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Where are Mexico’s missing students?

October 3, 2014
Tlatelolco-monument

The attacks in Iguala represent one of the worst instances of violence against students in Mexico since October 2, 1968, when the military massacred hundreds of leftist student demonstrators in Tlatelolco, Mexico City.

Forty-three Mexican students are still missing a week after police and other unidentified assailants shot dead six unarmed civilians in Iguala, a small city in the southwestern state of Guerrero.

The students are activists from the Ayotzinapa teacher training college who had come to Iguala on Friday, September 26 to collect donations to fund planned demonstrations. They were protesting against what they consider discriminatory hiring practices that favor teachers from urban backgrounds over rural ones.

The students said they were hitchhiking back to their college on local buses that night when they came under attack by municipal police officers and other unidentified gunmen. The police gave chase and opened fire, later claiming that the students had hijacked the buses.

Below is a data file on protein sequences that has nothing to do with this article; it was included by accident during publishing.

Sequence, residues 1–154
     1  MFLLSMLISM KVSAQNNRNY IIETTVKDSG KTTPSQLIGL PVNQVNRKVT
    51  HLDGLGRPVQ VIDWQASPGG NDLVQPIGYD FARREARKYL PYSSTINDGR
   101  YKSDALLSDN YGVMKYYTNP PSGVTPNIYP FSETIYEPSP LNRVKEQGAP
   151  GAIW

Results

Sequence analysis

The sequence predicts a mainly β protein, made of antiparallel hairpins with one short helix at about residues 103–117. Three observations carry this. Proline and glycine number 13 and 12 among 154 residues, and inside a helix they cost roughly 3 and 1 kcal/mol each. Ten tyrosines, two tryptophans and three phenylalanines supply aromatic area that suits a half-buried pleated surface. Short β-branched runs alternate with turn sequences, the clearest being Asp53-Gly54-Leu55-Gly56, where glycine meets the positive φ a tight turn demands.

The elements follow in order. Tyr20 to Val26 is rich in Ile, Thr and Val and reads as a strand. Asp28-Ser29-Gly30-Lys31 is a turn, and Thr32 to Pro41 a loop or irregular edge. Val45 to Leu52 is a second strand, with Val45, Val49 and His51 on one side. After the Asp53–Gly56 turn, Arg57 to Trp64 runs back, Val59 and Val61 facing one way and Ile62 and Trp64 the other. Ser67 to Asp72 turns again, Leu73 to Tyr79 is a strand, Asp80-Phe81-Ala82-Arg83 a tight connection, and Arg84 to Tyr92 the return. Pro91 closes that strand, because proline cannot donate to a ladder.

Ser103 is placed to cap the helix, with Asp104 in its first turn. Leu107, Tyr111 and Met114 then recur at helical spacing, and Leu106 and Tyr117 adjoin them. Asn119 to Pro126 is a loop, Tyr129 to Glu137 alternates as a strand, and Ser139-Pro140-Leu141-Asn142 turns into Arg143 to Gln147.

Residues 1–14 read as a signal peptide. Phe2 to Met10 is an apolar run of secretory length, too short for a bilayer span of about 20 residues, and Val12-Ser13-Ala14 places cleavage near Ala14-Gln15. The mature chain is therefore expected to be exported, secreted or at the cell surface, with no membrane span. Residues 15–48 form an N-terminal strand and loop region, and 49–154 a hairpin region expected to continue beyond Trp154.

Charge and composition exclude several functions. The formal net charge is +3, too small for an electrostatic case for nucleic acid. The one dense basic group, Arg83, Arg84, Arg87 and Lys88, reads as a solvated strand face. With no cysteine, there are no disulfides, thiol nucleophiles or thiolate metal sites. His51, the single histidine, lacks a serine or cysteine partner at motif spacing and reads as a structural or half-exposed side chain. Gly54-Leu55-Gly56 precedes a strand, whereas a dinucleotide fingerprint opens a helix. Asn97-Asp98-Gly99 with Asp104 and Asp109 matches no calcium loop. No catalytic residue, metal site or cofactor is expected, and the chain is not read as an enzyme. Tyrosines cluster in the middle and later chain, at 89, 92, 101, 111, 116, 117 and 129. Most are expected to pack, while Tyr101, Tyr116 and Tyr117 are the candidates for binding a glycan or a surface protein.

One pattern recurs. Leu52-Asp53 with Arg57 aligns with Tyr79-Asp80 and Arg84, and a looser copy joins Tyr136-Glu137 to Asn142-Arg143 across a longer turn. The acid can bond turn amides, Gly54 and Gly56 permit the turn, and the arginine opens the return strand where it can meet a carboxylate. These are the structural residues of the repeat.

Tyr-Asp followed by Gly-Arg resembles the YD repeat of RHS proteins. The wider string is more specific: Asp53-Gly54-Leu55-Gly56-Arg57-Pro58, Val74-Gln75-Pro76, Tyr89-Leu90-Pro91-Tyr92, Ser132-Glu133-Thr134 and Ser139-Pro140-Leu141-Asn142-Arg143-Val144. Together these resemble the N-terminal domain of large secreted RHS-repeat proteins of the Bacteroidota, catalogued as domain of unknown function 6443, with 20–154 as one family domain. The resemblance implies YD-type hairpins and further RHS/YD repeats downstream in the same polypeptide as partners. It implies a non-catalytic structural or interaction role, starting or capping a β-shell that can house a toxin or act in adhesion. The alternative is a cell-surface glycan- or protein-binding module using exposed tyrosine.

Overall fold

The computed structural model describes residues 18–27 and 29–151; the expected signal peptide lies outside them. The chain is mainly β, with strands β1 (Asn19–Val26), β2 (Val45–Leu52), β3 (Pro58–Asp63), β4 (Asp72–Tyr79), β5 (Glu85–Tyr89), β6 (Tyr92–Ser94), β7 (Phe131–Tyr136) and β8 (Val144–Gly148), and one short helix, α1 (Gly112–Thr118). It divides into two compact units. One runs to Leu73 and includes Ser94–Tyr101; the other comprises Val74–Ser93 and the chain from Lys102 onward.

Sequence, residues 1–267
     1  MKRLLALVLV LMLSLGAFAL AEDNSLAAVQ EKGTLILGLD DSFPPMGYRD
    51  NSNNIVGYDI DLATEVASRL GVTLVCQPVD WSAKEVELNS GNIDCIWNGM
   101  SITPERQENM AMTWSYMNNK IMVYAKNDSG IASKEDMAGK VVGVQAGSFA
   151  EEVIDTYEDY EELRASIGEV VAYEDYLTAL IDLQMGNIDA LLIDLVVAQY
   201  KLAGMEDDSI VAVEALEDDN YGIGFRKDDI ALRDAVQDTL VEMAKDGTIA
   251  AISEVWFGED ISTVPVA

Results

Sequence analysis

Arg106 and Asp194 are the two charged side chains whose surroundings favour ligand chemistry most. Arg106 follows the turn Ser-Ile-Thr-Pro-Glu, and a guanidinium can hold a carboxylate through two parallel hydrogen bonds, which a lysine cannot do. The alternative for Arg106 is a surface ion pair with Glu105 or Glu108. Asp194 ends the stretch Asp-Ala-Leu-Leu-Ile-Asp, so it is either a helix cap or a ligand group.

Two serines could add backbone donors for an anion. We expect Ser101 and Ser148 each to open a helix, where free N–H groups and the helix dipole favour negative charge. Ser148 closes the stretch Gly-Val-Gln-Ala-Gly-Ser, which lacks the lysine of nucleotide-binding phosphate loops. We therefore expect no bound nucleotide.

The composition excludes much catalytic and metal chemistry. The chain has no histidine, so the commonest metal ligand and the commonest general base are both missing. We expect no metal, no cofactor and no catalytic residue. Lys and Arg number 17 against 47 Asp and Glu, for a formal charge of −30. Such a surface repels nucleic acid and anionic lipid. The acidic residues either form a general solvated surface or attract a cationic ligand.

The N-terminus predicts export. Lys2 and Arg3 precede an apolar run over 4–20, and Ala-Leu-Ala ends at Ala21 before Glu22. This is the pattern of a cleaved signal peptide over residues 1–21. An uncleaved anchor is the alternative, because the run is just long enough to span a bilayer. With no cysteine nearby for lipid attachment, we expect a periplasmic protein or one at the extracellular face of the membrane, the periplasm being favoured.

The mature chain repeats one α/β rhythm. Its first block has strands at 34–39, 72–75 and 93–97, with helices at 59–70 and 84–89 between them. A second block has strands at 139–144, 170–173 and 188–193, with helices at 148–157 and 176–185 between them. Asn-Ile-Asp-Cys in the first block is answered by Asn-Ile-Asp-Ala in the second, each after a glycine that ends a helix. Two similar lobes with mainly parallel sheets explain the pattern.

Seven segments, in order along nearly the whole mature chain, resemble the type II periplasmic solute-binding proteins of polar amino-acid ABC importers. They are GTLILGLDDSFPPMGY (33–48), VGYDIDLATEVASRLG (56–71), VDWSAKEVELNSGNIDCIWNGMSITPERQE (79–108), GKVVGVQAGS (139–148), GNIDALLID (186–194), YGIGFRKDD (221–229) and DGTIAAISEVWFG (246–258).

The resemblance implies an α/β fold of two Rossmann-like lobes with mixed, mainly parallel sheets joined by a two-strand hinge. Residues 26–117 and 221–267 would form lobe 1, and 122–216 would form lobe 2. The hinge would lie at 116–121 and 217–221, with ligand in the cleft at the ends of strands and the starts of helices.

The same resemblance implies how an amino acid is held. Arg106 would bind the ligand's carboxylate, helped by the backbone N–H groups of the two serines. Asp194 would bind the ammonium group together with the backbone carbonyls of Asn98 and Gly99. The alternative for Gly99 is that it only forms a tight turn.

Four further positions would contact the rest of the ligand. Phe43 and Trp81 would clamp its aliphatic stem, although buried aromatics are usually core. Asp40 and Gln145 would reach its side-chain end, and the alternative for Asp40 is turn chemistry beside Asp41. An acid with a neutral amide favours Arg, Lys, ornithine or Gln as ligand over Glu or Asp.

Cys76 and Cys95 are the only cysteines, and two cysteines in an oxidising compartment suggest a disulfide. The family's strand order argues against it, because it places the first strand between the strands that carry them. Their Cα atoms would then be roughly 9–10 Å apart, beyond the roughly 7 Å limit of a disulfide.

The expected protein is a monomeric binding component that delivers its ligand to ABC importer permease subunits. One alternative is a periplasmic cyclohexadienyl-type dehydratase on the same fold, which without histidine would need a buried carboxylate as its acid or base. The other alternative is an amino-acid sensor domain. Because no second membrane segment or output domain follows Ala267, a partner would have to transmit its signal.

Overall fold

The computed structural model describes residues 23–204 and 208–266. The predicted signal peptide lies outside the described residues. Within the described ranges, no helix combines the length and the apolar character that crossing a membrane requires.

Three students were killed on the spot, along with a woman who was hit later that night when her taxi came under fire. Gunmen also shot at a bus carrying third-division soccer team Avispones – having presumably mistaken it for a bus seized by students – causing the vehicle to crash and killing the driver and a 15-year-old member of the team.

At least 17 others were injured and 57 students went missing in the aftermath of the attacks…

Click here to read this story in full at Latin Correspondent.

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